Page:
A huge advantage for farms out there interested in the approach of a sustainable type of agriculture: I call it the closed loop.

Step one: you grow your veggies and collect your crop. At this point what you have left is agricultural waste (corn cobs and stems, cottonseed hulls, sugarcane waste, etc).

Step two: use this waste to grow mushrooms. At this point you collect your mushroom crop.

Step three: use the spent substrate from your mushroom crop -turn it into compost with worms. Let them do what they know best.

Step four: use the compost as a soil fertilizer for your veggie crop. 

Those interested in starting such a business are invited to contact me at: 877-835-6091 or write a letter to


Wednesday, January 20, 2016

The nutty flavored Agrocybe cylindracea Lam & Thai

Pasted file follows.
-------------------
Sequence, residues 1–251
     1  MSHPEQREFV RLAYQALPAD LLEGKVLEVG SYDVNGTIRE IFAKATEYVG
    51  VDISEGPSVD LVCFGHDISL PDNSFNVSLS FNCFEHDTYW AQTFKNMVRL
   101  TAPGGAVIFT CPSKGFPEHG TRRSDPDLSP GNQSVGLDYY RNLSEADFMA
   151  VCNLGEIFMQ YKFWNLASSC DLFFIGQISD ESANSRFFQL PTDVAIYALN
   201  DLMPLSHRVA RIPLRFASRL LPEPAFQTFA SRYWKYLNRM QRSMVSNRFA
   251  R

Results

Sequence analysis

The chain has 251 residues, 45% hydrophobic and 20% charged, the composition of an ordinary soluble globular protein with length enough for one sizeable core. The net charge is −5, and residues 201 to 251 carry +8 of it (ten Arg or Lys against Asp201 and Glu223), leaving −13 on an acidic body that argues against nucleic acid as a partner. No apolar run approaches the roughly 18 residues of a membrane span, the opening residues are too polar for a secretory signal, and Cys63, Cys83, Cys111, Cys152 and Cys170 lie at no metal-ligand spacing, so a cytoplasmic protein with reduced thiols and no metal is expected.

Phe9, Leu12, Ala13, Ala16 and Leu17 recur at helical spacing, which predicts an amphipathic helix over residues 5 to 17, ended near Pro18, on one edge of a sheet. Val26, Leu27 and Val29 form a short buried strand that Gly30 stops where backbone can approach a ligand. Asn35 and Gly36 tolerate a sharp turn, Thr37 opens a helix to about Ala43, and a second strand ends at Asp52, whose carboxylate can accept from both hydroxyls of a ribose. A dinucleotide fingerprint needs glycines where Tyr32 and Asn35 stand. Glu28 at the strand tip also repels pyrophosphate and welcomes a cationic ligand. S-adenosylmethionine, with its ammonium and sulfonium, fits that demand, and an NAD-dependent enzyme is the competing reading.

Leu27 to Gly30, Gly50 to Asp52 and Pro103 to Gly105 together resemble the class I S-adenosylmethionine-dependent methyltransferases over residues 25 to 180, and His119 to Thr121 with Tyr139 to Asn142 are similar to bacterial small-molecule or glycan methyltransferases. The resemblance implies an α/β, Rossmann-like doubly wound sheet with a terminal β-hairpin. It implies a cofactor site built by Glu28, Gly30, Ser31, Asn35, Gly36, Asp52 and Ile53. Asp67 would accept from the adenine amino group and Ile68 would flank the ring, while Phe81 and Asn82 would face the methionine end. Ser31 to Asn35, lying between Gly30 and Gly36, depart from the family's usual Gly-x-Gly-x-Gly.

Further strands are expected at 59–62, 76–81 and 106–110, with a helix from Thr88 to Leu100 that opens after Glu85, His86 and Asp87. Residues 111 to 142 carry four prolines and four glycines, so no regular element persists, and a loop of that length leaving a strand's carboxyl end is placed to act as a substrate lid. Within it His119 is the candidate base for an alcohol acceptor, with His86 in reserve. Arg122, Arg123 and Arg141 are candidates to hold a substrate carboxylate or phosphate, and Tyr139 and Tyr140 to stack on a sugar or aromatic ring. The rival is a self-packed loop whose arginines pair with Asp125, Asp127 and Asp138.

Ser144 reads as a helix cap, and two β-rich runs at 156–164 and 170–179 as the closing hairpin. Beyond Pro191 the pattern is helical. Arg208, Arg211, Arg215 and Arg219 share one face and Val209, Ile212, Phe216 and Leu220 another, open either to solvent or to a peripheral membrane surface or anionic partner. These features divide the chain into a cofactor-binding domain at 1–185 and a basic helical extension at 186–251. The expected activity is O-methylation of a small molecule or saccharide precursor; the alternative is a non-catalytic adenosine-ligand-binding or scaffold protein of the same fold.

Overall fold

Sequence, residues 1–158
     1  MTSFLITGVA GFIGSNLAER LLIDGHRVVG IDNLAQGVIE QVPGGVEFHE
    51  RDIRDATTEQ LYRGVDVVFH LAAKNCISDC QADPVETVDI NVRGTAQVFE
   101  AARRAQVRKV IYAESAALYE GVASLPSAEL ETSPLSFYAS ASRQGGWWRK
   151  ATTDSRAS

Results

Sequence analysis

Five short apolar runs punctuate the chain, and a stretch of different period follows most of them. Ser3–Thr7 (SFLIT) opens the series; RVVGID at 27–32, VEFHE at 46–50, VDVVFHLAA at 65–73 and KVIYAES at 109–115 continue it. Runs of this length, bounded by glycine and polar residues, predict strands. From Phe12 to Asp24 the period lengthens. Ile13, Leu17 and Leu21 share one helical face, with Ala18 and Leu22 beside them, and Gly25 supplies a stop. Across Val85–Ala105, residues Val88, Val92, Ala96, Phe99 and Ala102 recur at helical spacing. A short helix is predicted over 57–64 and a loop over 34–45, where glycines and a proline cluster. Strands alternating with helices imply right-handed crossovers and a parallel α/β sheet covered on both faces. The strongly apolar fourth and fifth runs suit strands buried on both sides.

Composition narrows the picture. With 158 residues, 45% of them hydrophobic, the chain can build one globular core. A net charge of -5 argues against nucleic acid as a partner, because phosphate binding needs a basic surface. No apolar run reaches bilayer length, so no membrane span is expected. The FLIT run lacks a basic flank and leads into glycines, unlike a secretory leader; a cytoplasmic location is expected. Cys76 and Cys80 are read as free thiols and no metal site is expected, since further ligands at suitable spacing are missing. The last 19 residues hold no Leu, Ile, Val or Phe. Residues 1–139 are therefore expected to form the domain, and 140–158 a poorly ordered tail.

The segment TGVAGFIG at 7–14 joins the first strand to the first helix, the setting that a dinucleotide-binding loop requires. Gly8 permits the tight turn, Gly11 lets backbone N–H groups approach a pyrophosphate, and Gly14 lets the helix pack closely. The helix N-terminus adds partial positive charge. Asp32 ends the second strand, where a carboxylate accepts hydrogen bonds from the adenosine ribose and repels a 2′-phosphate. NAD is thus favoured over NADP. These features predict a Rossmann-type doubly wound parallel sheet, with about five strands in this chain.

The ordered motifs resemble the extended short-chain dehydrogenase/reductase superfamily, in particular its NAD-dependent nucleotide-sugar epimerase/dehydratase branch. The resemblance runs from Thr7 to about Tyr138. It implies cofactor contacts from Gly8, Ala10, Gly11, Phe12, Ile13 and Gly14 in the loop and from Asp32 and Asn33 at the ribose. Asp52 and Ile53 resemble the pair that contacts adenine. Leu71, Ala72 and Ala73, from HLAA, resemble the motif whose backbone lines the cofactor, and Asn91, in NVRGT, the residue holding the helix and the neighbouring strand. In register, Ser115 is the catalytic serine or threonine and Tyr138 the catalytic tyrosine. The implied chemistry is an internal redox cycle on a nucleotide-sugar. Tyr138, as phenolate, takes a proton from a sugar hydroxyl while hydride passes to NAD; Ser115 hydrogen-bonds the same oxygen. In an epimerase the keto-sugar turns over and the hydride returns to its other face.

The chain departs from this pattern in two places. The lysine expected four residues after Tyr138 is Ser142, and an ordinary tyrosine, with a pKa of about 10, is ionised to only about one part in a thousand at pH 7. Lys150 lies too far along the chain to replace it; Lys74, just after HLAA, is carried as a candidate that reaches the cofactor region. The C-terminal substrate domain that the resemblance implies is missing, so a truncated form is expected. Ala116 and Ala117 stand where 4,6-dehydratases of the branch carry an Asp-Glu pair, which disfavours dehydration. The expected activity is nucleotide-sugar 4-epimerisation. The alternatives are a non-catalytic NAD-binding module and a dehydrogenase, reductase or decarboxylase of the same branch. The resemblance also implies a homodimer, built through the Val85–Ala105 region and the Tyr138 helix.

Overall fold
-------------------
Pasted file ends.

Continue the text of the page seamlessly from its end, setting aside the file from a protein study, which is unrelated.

Agrocybe cylindracea, the poplar mushroom, is small white rot fungi that commonly grows in the holes and on tufts of living or dead poplar trees, hence the common name. While rarer in North America this mushroom has been found on all continents. This small agaric looks similar to a button mushroom but tinged darker brown on the cap and growing from trees. Agrocybes of many varieties have been cultivated across Europe and Asia since the time of the Greeks and still is popular today. Agrocybe cylindracea was first described by Augustus Pyramis De Candolle in 1876 as Pholiota cylindracea but was later changed by French mycologist Rene Charles Joseph Ernest Maire in 1938 to the current name Agrocybe cylindracea.